June 29, 2009, might go into the annals as a big day in the history of business ethics. Right on top of many US news sites, we learn, first, that Bernie Madoff got his whopping 150 years sentence and, second, the US supreme court ruled in a landmark case in favor of 18 white firefighters who were suing their employer for what is often called ‘reverse discrimination’.
The Madoff case is in some ways your run-of-the-mill textbook case for unethical behavior in business – if it were not on such a biblical scale and in these dire times. And for a change not only hitting poor or middle class people but the wealthy. For us this example of fraud and theft points to the clear limits and boundaries of business ethics: the strong approach to deregulation and self-regulation of the financial industry in the US (and elsewhere) in the past has delegated a lot of ethical issues into the realm of the voluntary.
Funnily, they interviewed Harry Markopolos, a stockbroker, recently on 60 Minutes who as early as in the year 2000 had filed a complaint to the Securities and Exchange Commission (SEC), the self-regulatory body overseeing Wall Street. Four more he filed over the years, mostly because he was mad at Madoff as a competitor who offered these fairy tale returns. Remember, this was the time of Enron etc, where one would have expected the SEC to take complaints about unethical behavior seriously. Based on mathematical modeling Markopolos ("It took me five minutes to know that it was a fraud. It took me another almost four hours of mathematical modeling to prove that it was a fraud.") could prove back then what the SEC never took serious. Madoff was just too respected and too powerful on Wall Street for the SEC to even daring to question his practices. It shows that ethical behavior in business still is very dependent on strong institutions, independent regulators and, no less, skilled and professional oversight. The ‘Case Madoff’ in that sense is in fact a ‘Case SEC’.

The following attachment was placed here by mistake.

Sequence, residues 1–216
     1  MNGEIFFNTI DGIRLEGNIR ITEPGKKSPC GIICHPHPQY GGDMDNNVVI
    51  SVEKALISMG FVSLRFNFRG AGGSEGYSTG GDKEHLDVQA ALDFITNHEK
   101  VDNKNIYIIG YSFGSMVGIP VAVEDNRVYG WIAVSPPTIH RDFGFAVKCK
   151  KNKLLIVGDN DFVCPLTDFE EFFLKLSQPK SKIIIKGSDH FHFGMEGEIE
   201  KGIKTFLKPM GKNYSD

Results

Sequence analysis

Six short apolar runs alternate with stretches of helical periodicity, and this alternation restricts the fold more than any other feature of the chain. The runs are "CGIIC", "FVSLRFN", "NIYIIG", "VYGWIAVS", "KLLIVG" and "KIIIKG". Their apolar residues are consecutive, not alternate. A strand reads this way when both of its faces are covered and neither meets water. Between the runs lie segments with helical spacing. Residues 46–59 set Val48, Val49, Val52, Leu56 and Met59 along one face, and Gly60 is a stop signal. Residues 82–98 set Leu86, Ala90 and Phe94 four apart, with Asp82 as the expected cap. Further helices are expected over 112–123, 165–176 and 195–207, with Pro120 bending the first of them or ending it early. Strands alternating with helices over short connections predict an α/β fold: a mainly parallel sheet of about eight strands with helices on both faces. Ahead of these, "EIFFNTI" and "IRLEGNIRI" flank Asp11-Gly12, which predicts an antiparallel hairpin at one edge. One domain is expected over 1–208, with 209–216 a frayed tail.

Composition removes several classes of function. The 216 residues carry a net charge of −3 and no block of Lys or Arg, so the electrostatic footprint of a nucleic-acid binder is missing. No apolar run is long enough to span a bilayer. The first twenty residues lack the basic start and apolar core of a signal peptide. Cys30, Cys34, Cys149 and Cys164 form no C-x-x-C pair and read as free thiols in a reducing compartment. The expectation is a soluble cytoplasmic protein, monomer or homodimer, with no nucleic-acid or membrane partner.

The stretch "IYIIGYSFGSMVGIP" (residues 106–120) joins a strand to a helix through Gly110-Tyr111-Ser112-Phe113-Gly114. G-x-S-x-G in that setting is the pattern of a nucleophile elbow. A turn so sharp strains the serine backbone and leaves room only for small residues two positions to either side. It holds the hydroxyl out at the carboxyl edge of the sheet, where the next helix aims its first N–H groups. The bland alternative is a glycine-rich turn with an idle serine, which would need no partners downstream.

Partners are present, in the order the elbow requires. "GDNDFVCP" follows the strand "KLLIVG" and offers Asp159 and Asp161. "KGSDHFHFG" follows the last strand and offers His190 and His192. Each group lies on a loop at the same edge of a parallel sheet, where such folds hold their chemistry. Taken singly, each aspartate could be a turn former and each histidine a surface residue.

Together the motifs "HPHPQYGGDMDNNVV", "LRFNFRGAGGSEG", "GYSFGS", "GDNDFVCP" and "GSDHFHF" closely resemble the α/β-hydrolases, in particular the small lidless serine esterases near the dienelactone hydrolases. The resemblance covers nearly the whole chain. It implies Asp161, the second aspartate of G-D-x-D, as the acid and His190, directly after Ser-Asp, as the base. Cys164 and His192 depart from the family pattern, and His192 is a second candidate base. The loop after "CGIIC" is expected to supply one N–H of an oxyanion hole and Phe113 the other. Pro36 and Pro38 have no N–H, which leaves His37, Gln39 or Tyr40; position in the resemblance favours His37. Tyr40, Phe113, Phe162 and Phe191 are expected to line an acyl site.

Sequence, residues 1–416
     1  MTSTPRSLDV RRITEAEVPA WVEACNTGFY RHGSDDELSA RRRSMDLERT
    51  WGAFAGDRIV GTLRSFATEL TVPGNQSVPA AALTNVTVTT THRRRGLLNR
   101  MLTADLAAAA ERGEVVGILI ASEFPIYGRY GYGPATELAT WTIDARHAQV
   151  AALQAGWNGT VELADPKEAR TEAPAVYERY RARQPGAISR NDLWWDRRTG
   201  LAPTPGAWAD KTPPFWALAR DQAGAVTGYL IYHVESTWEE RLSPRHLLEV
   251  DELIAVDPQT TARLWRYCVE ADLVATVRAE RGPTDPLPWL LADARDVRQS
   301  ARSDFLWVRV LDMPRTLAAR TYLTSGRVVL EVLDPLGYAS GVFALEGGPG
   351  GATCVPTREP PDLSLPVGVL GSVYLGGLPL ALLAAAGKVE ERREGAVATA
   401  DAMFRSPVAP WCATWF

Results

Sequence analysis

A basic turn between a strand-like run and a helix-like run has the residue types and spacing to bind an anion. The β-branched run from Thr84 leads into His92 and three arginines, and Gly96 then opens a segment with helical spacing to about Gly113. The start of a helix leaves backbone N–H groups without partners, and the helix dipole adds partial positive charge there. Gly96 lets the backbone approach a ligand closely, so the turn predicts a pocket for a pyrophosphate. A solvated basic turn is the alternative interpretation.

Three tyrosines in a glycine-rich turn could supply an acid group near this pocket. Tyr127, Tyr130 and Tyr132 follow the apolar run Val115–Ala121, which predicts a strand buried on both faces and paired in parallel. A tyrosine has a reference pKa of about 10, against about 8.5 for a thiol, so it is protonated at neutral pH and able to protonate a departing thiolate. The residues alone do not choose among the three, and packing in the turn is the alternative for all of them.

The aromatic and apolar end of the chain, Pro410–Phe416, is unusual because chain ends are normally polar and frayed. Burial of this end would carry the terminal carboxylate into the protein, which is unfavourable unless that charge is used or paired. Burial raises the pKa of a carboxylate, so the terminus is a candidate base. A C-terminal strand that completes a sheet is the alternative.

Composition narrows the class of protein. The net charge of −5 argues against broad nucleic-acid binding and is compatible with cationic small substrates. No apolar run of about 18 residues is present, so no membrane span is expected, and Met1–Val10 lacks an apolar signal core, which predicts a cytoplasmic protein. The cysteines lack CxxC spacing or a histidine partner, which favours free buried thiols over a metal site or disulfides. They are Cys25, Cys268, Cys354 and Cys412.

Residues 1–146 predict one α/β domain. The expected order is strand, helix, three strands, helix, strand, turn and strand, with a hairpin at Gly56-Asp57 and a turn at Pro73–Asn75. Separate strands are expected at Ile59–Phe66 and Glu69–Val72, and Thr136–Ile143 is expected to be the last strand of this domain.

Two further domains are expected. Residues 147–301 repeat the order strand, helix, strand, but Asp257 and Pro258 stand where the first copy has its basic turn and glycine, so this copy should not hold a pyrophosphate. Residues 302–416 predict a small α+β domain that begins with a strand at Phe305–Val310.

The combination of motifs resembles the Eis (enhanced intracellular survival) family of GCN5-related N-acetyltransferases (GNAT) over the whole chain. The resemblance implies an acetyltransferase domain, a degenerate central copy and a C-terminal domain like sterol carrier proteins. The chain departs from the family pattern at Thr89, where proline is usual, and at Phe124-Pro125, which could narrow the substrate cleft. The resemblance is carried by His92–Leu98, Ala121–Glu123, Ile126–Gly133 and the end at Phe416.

The second incident is equally important and will have massive consequences. The case is about the fire department of New Haven (a small town north of New York City) which had made their firefighters pass a test as the basis of promotion. None of the black firefighters passed the test. Out of fear to appear racist, the City of New Haven then refrained from promoting all the (white) guys who did pass. These 18 white guys (one of them Hispanic) went to court and now finally won fighting their case through all the levels.
For a long time, the business ethics literature has actually addressed these issues of retributive justice in rather favorable terms. Because of past injustices against a particular group, that group should now receive preferred treatment. The black guys, so the argument goes, did not fail the test for reasons in their control, but because they belong to an ethnic group, which in the US still struggles in education, family stability and other factors which make people successful. The problem here is though that in doing so, you discriminate against other groups in a similar way. The fact that a court now rules against this in some ways is a sea change in the way we will deal with affirmative action in years to come. The ruling will have massive implication for business too, as it is based on laws that apply not only to the public sector. It will surely lead to many complex discussions and tricky decisions in business.